Background: As one of the leading academic experts on local government, it was no surprise that SUNY New Paltz Professor Gerald Benjamin was named in 2007 to the Commission on Local Government Efficiency and Competitiveness. The Empire Page asked Benjamin about the Commission's recommendations as well as how he views the prospects for the consolidation of local government agencies.
Q: Why should New York property owners and taxpayers be in favor of government consolidation?
A: Consolidation is only one of the options for structural reform in local government. Another is "right-sizing" service delivery in specified areas through intergovernmental collaboration. Our great number of layered and overlapping general and special purpose governments are the result of centuries of incremental change -- adding on but not subtracting. The current web - not a system, because our collection of local governments are not the result of thoughtful design - does not maximize economy, efficiency, effectiveness or accountability. (In fact, the complexity of our local governmental arrangements defeats democracy.).
We are in very difficult economic times, and difficulty is likely to persist. This is an incentive to reconsider our suboptimal local governance arrangements, not only to save money, but to get more for our money. In doing this however, we need to remember that citizens equate their local governments with the very powerful value of "community." Change must be sought with great sensitivity to this value.
Q: What are the stumbling blocks to structural reform of local government?
A: As earlier noted, people are invested in their local governments as a result of their powerful commitment to community. They conflate "community" and "municipality," or "community" and "school district," or "community" and "fire district." Additionally, general purpose local governments have land use powers in New York. People bought their homes under the prevailing governmental arrangements, and with the assumption that these would persist. They also count on the physical character of the community more or less continuing over time. Consolidating local governments, and the locus of these powers, brings uncertainty to these assumptions and therefore to assumptions made about a family's core personal and financial asset, its home.
Children are at the center of family life, and educating them well in a safe and accessible place. Combining school districts - especially since the shattering of the professional consensus on "bigger is better" for the delivery of quality education, brings uncertainty to another key assumption people make when they buy or rent a place to live - where and how well their kids will be educated.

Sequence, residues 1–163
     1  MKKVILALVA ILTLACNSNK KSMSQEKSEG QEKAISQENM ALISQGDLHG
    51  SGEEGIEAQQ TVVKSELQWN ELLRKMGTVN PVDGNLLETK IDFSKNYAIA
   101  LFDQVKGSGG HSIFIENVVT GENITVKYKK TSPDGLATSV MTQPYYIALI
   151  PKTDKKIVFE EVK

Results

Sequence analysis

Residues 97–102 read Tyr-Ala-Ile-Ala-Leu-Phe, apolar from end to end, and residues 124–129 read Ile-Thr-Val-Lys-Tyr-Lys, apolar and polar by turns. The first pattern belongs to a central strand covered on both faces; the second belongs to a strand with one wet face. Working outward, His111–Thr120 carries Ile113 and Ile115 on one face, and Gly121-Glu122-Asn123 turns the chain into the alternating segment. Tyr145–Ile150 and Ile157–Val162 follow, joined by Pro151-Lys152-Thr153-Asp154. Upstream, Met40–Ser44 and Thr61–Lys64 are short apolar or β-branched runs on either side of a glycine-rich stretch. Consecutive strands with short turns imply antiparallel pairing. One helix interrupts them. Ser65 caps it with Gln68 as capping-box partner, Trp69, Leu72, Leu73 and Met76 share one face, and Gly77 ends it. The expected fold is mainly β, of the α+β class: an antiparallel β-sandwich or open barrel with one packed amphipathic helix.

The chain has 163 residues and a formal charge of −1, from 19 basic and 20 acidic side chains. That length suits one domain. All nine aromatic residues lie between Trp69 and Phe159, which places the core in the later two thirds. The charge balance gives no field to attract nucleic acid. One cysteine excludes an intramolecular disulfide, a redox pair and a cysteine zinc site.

A large portion of the costs of local government are personnel costs; reducing costs therefore often means reducing staffing. Consolidation or intergovernmental collaboration is often seen, therefore, as a threat to the careers of local elected officials and public employees.
Q: In April of this year the Commission on Local Government Efficiency and Competitiveness issued its "final" report. How would you grade the Commission on its findings and its recommendations?
A: I am not dispassionate, as I was a Commission member. I think that this is the best, most comprehensive, most focused, most practically useful report issued by any commission that has studied local government reform in the recent history of New York State. This is largely a result of great leadership (Stan Lundine), a terrific, hard working dedicated staff and strong support from the Governor's office.
Having said that, I must add that - as was the case for my commission colleagues - my views did not prevail on every question we took up. For example, I would have liked us to have adopted a much more aggressive agenda for constitutional change.
The challenge now is in the implementation. The politics are not easy. The governor has changed; Governor Patterson's focus has (understandably) been elsewhere. But the opportunity for reform still exists, and has even grown as the financial crisis has deepened and local budgets featuring double digit property tax increases have emerged.